The Judicial Public Interest Agreement: A Deal with French Justice?

The Judicial Public Interest Agreement (CJIP) is a new transactional device inspired by the United States’ Deferred Prosecution Agreement (DPA)

Public Interest Judicial Reviews

The Judicial Public Interest Agreement (CJIP) has been introduced into articles 41-1-2 and 180-2 of the French Code of Criminal Procedure. It is a new transactional device inspired by the United States’ Deferred Prosecution Agreement (DPA). This alternative remedy allows companies prosecuted for breach of probity offenses to reach an agreement with legal authorities in order to halt prosecution by paying a fine and following a compliance program.

Through this mechanism, French legislation targets two major goals: (1) to improve the efficiency of French criminal justice against breach of probity offenses, and (2) to safeguard French economic interests. These goals are sought while reaffirming legal sovereignty in the face of extremely heavy sanctions issued by U.S. authorities against French companies in recent years.

Scope of these Judicial Reviews

Although the judicial review mechanism is innovative, its scope is still quite limited. Sapin II Law does not allow individuals to benefit from this judicial review mechanism. It is limited solely to companies and the following offenses:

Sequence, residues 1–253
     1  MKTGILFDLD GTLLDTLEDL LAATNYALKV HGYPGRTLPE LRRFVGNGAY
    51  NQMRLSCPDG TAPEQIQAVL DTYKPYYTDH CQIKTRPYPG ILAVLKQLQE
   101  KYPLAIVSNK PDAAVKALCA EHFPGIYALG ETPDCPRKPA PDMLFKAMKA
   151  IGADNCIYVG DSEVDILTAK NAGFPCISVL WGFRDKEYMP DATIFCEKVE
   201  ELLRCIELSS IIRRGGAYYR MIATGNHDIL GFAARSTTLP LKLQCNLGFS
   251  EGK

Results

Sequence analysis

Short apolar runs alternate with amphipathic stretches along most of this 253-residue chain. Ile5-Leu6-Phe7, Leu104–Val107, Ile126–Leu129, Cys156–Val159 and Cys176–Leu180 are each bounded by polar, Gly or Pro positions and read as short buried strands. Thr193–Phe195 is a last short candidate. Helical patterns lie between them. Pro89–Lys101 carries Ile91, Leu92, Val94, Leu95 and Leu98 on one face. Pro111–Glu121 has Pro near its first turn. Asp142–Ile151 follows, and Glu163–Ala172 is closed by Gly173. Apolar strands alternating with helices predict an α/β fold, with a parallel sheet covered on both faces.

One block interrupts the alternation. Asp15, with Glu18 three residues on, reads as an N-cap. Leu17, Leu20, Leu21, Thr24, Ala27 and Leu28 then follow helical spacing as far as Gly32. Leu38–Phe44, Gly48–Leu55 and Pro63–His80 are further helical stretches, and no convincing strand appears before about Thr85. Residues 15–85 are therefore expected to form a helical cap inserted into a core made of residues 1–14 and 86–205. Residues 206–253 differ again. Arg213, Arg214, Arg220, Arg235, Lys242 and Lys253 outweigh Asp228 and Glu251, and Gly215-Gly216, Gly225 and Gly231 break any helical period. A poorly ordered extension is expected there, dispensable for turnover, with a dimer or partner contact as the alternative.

• Active corruption and influence peddling by a French or foreign civil servant.
    • Active or passive corruption and influence peddling by a private agent.
    • Laundering of tax fraud proceeds and similar infractions, not including tax fraud itself.

Implementation of CJIP

As an alternative measure to prosecution, CJIP can be proposed at two stages of the procedure:

    • By a public prosecutor, before the start of the trial, without requiring any recognition of guilt (article 41-1-2 of the Code of Criminal Procedure).
    • By the investigating judge if the public prosecution has already started, whereby the organization investigated then admits the facts and accepts the charges (article 180-2 of the Code of Criminal Procedure).
      The agreement, which must be ratified by a sitting judge during public hearing, outlines one or several obligations under the law:
    • Payment of a fine proportionate to the benefit gained through the breach and that is capped at 30% of the organization’s annual average revenue (calculated from the last three known annual revenue figures).
    • The obligation to enter into a compliance program, monitored by the new French Anti-Corruption Agency (AFA), for up to 3 years. The organization must pay fees incurred (which are capped in the agreement) and must pay damages to any victims identified.

Under the CJIP, a press release must also be published on the French Anti-Corruption Agency website, together with the order approving the CJIP.

Source : Coat Haut de Sigy de Roux

Date de publication : Septembre 2017

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